E.Com and Ticketmaster are also hoping to use the kiosks to offer advertisers some e-commerce options. As the partners envision it, customers would be able to purchase event paraphernalia – including hats, CDs and T-shirts – that could be shipped to the consumer by a third-party fulfillment house.

Ticketmaster Canada’s vice-president of corporate development, Tom Epplett, says there may also be opportunities for couponing.

The OnRamp kiosks have arrived in Canada just as the practice of online ticket buying is really starting to heat up. According to Forrester Research, of the three billion event tickets sold in the U.S. last year, roughly 10% were sold online.

Growth would probably be faster, but for the same old problems on the fulfillment end. Consumers have long been frustrated with having to wait for mail delivery of their tickets, and leery of the ‘will call’ alternative, whereby tickets are held at the venue for pick-up the night of the show. With that in mind, several major ticket companies are attempting to develop home-based ticket-printing systems, which rely on bar code technology.

In the U.S., Ticketmaster is reportedly in a race with Tickets.com and Montreal-based Admission Network to get the print-it-yourself ticket capability into the hands of consumers and venues.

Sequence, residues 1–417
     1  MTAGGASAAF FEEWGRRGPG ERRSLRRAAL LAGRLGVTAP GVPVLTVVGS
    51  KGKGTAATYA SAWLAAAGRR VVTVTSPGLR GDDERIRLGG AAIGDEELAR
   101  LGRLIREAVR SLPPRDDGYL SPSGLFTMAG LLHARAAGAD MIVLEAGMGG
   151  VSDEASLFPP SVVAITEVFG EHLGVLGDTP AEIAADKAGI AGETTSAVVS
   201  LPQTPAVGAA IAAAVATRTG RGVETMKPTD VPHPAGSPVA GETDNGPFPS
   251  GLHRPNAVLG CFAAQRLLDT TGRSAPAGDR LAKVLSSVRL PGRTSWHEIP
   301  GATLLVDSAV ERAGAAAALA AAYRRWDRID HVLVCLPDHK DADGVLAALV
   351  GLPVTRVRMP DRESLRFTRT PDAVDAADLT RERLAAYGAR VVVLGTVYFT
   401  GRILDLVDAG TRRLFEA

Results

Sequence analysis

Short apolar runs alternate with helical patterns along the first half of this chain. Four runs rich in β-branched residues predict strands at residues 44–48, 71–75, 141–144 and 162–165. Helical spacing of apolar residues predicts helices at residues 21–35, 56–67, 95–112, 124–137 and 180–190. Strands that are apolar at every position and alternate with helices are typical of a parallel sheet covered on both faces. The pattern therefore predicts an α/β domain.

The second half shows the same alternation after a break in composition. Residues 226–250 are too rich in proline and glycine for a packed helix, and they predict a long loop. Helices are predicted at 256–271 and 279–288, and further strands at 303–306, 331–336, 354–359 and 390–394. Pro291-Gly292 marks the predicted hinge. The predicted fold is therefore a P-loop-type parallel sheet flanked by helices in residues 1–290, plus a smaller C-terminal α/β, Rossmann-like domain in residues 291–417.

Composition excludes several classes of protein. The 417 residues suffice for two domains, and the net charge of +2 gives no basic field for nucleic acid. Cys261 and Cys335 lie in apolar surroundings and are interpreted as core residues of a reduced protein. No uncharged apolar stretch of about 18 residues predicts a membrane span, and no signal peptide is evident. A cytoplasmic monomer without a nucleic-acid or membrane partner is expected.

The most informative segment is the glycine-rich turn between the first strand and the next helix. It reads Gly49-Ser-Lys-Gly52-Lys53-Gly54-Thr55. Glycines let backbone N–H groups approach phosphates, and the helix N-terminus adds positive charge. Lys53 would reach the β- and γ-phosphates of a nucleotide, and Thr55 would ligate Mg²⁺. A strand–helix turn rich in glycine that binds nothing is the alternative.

The problem in Canada and elsewhere, according to Epplett, is that the bar code infrastructure is not yet in place – and because it’s costly, is unlikely to be in place for some time.

In Brief: The Garden picks CDs to take on daily creative leadership

Plus, Naked names two new leaders of its own and Digital Ethos comes to Canada.

The Garden promotes two creative directors

ACDs Lindsay Eady and Francheska Galloway-Davis have taken over responsibility for day-to-day creative leadership at The Garden after being promoted to creative director roles.

The pair will also help develop the agency’s creative talent, formalizing mentorship and leadership activities they have been doing since joining the agency four and three years ago, respectively. In addition to creating the agency’s internship program, the pair have worked on campaigns for Coinsquare, FitTrack and “The Coke Challenge” campaign for DanceSafe.